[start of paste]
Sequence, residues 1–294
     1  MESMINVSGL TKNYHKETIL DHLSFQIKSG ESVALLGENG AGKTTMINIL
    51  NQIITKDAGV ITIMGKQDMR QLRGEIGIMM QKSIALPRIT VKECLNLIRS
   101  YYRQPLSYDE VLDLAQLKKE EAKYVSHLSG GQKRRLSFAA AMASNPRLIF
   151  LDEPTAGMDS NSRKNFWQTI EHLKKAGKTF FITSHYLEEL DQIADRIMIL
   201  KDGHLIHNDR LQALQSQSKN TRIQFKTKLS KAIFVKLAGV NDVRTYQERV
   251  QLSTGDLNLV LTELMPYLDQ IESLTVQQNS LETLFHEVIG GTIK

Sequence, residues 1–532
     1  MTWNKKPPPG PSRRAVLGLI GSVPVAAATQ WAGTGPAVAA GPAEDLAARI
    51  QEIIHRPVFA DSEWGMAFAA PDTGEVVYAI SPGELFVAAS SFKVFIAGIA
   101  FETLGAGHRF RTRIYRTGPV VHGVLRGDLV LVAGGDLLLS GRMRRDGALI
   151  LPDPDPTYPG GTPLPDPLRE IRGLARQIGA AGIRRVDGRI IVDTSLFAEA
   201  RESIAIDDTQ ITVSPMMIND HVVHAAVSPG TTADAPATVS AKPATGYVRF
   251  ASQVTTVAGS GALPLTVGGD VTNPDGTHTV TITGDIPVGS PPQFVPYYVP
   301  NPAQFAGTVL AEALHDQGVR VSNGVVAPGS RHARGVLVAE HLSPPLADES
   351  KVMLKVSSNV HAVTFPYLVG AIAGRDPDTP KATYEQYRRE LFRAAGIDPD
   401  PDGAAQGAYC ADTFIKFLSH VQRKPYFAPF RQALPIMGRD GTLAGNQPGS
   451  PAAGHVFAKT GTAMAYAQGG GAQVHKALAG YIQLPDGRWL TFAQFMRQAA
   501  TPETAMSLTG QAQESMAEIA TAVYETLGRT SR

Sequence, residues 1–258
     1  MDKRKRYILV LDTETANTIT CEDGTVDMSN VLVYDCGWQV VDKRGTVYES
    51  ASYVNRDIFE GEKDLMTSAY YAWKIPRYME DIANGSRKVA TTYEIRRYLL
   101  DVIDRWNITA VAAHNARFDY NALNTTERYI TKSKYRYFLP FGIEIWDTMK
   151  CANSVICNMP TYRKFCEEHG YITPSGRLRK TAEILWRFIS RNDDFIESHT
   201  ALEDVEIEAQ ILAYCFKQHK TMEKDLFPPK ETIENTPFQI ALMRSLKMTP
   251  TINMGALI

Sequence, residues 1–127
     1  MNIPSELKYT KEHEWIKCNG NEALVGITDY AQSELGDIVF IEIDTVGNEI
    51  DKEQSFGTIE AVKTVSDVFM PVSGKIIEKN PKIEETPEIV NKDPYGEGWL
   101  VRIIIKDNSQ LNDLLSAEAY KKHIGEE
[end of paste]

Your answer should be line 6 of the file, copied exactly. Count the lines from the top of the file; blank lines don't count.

   201  KDGHLIHNDR LQALQSQSKN TRIQFKTKLS KAIFVKLAGV NDVRTYQERV